NEW YORK ( -- Oil prices fell Monday morning, after a big rally in the previous session, as investors weighed positive economic signs against ongoing concerns about weak demand and record-high inventories.

Light, sweet crude for June delivery was down 49 cents to $52.71 a barrel in pre-market, electronic trading. The contract jumped more than $2 a barrel Friday.


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There is always an easy solution to every human problem—neat, plausible, and wrong.
Henry Louis Mencken (1880–1956)
“The Divine Afflatus,” A Mencken Chrestomathy, chapter 25, p. 443 (1949)
... and one could add "not all human problems really are."
It was beautiful and simple, as truly great swindles are.
- O. Henry
... The Government is on course for an embarrassing showdown with the European Union, business groups and environmental charities after refusing to guarantee that billions of pounds of revenue it stands to earn from carbon-permit trading will be spent on combating climate change.
The Independent (UK)

Tracking Interest Rates

Tracking Interest Rates


SEARCH BLOG: FEDERAL RESERVE for full versions... or use the Blog Archive pulldown menu.

February 3, 2006
Go back to 1999-2000 and see what the Fed did. They are following the same pattern for 2005-06. If it ain't broke, the Fed will fix it... and good!
August 29, 2006 The Federal Reserve always acts on old information... and is the only cause of U.S. recessions.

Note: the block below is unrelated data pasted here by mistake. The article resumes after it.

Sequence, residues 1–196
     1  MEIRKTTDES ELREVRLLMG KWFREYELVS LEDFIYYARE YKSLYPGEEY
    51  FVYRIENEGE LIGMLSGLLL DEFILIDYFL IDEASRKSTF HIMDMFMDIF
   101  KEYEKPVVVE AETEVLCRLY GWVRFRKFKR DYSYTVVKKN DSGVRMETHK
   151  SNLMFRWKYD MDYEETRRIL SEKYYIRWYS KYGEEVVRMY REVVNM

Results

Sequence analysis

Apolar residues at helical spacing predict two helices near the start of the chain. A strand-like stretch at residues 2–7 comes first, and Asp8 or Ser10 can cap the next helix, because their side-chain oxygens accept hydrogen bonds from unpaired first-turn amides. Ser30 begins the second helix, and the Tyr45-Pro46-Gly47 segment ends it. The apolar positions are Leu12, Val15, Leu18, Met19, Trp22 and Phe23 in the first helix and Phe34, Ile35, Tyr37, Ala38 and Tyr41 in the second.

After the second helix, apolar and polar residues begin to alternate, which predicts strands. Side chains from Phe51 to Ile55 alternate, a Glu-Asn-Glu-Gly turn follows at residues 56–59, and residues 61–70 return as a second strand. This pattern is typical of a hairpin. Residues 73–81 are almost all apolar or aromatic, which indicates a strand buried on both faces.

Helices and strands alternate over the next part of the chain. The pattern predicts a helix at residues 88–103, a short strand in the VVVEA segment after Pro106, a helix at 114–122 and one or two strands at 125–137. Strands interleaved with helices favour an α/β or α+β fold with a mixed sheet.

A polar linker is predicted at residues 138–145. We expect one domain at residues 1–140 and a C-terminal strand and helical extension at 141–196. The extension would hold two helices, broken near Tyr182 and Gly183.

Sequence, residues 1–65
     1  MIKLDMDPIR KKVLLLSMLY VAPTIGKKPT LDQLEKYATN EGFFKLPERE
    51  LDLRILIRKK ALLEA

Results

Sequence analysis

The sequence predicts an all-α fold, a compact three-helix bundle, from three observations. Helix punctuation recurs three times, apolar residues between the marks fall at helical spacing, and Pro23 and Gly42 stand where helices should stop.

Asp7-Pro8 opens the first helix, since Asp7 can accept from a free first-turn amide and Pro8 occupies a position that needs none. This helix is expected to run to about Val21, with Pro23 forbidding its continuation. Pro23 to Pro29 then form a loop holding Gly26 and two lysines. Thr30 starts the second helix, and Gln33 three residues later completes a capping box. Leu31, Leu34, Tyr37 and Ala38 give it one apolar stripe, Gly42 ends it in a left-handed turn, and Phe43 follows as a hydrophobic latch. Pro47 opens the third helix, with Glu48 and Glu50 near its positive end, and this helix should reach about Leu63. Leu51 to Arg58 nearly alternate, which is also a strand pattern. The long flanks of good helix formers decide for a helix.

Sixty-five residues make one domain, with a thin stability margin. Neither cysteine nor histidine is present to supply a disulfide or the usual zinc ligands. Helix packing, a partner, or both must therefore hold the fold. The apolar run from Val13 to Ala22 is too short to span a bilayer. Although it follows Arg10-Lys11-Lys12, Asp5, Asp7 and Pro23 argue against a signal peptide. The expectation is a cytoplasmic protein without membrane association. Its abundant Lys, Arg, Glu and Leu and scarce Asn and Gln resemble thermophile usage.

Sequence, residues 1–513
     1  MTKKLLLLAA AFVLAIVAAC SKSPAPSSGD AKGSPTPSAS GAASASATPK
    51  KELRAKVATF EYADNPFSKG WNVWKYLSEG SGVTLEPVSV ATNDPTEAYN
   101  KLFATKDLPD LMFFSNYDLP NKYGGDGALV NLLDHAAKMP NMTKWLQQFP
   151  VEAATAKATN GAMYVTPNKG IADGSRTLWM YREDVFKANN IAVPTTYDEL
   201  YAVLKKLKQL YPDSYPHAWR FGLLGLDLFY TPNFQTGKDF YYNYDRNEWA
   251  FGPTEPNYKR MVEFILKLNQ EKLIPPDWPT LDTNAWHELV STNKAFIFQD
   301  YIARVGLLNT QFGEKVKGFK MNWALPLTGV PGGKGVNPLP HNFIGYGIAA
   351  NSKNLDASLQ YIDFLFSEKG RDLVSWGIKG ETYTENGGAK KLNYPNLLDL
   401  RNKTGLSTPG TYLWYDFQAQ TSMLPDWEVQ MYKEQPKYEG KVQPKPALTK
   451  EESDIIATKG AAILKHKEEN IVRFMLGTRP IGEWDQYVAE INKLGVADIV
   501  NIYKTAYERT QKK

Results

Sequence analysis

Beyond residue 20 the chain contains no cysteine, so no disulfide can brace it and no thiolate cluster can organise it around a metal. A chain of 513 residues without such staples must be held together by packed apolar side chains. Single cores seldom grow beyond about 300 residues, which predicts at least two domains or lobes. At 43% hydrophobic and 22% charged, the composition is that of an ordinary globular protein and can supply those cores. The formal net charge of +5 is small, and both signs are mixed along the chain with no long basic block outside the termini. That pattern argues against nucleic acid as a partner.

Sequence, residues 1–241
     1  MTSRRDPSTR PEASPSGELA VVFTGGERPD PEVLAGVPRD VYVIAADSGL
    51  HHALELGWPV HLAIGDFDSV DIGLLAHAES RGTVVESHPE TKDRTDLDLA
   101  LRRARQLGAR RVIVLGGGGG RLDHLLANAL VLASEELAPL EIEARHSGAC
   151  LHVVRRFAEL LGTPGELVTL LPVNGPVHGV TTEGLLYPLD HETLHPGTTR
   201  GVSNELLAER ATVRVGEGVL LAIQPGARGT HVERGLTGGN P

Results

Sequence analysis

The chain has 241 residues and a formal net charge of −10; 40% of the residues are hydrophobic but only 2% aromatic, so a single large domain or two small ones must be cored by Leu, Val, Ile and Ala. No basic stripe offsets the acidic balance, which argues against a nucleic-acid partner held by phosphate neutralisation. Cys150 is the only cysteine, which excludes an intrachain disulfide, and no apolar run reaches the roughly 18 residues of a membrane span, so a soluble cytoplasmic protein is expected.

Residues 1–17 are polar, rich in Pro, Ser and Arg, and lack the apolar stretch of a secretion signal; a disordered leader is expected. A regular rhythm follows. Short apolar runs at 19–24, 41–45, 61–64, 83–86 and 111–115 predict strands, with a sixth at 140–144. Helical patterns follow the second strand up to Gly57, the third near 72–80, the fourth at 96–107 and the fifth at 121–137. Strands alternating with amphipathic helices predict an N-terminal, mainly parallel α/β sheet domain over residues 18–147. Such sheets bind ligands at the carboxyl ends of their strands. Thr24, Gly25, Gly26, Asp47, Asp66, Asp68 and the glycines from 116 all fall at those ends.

December 5, 2006 Last spring I wrote about what I saw to be a sharp downturn in the economy in the "rustbelt" states, particularly Michigan.
March 28, 2007
The Federal Reserve sees no need to cut interest rates in the light of adverse recent economic data, Ben Bernanke said on Wednesday.
The Fed chairman said ”to date, the incoming data have supported the view that the current stance of policy is likely to foster sustainable economic growth and a gradual ebbing in core inflation”.

July 21, 2007 My guess is that if there is an interest rate change, a cut is more likely than an increase. The key variables to be watching at this point are real estate prices and the inventory of unsold homes.
August 11, 2007 I suspect that within 6 months the Federal Reserve will be forced to lower interest rates before housing becomes a black hole.
September 11, 2007 It only means that the overall process has flaws guaranteeing it will be slow in responding to changes in the economy... and tend to over-react as a result.
September 18, 2007 I think a 4% rate is really what is needed to turn the economy back on the right course. The rate may not get there, but more cuts will be needed with employment rates down and foreclosure rates up.
October 25, 2007 How long will it be before I will be able to write: "The Federal Reserve lowered its lending rate to 4% in response to the collapse of the U.S. housing market and massive numbers of foreclosures that threaten the banking and mortgage sectors."